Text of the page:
Steed was only 20 when Meathead Movers was hit with a huge jump in worker compensation payments that threatened the company’s future. “We didn’t have rich parents or any other safety net,” Steed said, recalling the stressful year of 2000. Yet, the company was able to ‘maneuver through this difficult time,’ and persevered.
Another bump on the road happened in 2007: as the banking industry began to quiver, Meathead Movers’ line of credit was cut. This couldn’t have happened at a worse time: the funds were withheld when the company had just expanded its office, and was preparing for its busiest season.
They did more than just survive. Meathead Movers emerged from the crisis stronger than ever, and the last two years have been their best on record. With the company’s current 44% growth rate, it hit $5.7M in revenue in 2012, and is projected to post $8.5M in revenue in 20l3.
With all this success, some well-wishers began to talk about franchising. But Steed isn’t in a hurry to ‘milk’ his business
“We want to see where we can take this company. We try to be creative,” Mr. Steed said. “Right from the start we always focused on compelling reasons for being in business, and on having a unique business model rather than just simply existing.”
And here are just some of the latest developments: the company that started as a local agent can now move you state-wide. It has offices in Camarillo and Los Angeles, and is working towards opening an office in Orange County.
By popular demand, Meathead Movers incorporated a sister company, Meathead Packers a brainchild of Aaron’s wife Erin. “At first, we were just lifting heavy furniture, but as the quality of our services improved, people began to ask for packers,” Steed said. Packers sprang to life as a response to these requests.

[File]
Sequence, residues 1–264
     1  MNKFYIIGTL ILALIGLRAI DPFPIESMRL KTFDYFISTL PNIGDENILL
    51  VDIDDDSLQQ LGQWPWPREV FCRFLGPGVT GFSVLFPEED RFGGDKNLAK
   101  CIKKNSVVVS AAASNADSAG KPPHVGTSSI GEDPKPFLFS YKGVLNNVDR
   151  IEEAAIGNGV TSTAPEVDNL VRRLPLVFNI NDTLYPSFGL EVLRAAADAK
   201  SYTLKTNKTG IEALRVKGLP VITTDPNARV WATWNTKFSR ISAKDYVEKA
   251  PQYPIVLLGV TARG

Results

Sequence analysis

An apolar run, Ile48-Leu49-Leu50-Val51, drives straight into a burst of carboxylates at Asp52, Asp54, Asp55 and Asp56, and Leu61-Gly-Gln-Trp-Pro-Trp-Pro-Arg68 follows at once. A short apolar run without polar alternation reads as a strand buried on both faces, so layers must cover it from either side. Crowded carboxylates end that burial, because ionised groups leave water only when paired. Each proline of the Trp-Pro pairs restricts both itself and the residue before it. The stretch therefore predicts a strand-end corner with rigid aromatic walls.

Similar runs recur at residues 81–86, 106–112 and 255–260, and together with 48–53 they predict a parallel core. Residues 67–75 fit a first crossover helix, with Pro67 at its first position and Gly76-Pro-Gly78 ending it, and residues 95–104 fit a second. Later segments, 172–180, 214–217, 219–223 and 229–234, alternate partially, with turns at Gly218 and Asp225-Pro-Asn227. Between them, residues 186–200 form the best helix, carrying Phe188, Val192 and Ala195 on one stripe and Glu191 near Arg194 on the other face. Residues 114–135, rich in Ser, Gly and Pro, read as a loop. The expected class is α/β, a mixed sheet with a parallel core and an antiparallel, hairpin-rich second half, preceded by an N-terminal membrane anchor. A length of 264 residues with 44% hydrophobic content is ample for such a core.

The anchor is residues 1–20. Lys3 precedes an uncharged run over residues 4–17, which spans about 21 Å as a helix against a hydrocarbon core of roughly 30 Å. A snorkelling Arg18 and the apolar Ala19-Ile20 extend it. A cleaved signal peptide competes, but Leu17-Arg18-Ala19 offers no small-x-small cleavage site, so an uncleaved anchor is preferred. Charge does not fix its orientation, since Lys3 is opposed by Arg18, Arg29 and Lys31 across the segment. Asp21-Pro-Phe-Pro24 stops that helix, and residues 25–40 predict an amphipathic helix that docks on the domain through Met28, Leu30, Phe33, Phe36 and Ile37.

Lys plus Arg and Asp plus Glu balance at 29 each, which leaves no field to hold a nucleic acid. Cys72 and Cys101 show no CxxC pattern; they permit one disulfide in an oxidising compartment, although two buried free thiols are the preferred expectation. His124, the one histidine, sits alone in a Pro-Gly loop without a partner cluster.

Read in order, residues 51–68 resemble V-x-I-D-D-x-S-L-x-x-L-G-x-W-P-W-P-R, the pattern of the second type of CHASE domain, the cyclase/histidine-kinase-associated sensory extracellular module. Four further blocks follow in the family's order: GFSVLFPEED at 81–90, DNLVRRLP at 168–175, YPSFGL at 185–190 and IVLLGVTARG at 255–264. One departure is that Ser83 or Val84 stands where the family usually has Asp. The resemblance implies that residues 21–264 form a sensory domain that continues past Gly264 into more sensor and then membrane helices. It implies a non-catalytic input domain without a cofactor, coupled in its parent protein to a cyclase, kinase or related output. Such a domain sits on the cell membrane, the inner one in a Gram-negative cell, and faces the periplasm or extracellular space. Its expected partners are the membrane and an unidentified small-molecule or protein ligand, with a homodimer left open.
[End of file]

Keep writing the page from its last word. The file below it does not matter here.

Another addition is a chain of storage units-a useful and timely service with great potential.
“I remember first meeting Aaron when he was a fiercely competitive athlete at San Luis High,” said Aaron Cantrell, a former wrestling coach. “He brought that same tenacity to his business. He’s a philanthropist, especially in the area of youth sports. He makes us all better by his contagious example.”
Meathead Movers donated a dollar to their Cinderella Fund for every box packed-and their charitable contributions are counted in the tens of thousands of dollars.
Just recently the company donated $3,500 to the SLO Police Department, asking it “to use the money at its discretion for the needs of at-risk youth.
“We work hard, have fun, and serve our community by providing premium moving services, as well as assisting victims of domestic violence with a fresh start in life,” reads Steed’s statement on LinkedIn.
For those who are thinking about starting a business, Steed’s word of advice is: “Do it. If you have this entrepreneurial drive in you, it’s going to haunt you until you find something that gets you going,” he said.
“So, go for it. The sooner you start, the better off you’ll be: it’s easier to stay focused on your business when you don’t have the demands of a serious relationship, or children to raise, or mortgages to pay. You just need to believe in what you’re doing, and give it all you’ve got.”
SOURCE: Central Coast Journal Plus: 10-13 issue